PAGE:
to acknowledge, that, in numerous inftances, the laws of the land were openly and notorioufly violated; liberty was totally fubverted, and an arbitrary and defpotic authority exercised over the kingdom." Upon what grounds, then, can this able and eloquent apologist undertake to vindicate or extenuate the enormity of fuch a conduct? Why, he pretends truly," that the grievances which "were fo much the subject of complaint, when "confidered in themselves without regard to the "conftitution, fcarcely deferve the name; nor "were they either burdenfome on the people's properties, or anywife fhocking to the natural humanity of mankind." Indeed! I know not what degree of barbarity and oppreffion might be neceffary to fhock the humanity of Mr. Hume: but I believe there are few perfons fo deftitute of humanity, as not to be fhocked at the recital of thofe facts, which he himself has given us in the chapter immediately preceding this very curious and profound obfervation. Nor can I easily comprehend how it fhould happen, that the illegal impofitions and extortions of Charles were not burdenfome on the people's properties;-but, waving these confiderations, I will beg leave to ask, how it is poffible to reconcile this affertion with the reprefentations which he has uniformly made of the abject and deplorable fituation of this kingdom, under the government of Elizabeth. It certainly cannot be doubted, but that Elizabeth acted conformably to the prevailing ideas of her own times; or, in
other words, fhe is not chargeable with a violation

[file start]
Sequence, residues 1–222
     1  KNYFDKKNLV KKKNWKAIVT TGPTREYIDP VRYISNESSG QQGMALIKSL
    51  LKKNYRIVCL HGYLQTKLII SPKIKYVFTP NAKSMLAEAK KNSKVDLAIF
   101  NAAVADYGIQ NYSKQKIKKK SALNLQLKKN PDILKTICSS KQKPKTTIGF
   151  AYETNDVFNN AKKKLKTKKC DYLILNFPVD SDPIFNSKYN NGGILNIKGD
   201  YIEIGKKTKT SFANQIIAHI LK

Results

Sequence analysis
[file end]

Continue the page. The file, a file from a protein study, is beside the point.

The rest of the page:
the principal influence in producing those remark able effects which he cannot but admit, and for which, upon the ground he has thought proper to occupy, it is abfolutely impoffible to account. The erroneous reprefentation he has exhibited of this period of our history, I look upon as the fundamental fault of a work, every page of which presents us with new beauties. The fact is, that the grievances fuftained by the subjects under the reign of Elizabeth, as well as her fucceffors, were very far from being trifling or imaginary; but a most striking difference may be discovered in this refpect, that the feverities of the Queen's reign, juftly as they would now be reprobated, were at that time confidered as the effect of a ftrong and real political neceffity. Or at most, if the Queen was chargeable with fome abuses. of prerogative, fhe had the fenfe and prudence to avoid all pofitive violations of established privileges; and as the great body of the people were never alarmed with apprehenfions of defigns inimical to the public happinefs, the whifpers of individuals were loft amidst the loud acclamations attending her profperous and popular adminiftration. But with respect to Charles, the whole tenor of his conduct evinced, that the great fpring of all his actions, was an eager and intemperate defire to emancipate himself from every fpecies of control, and he ventured to purfue his dangerous projects even while labouring under an univerfal odium, and at a time when the weak and arbitrary conduct of his father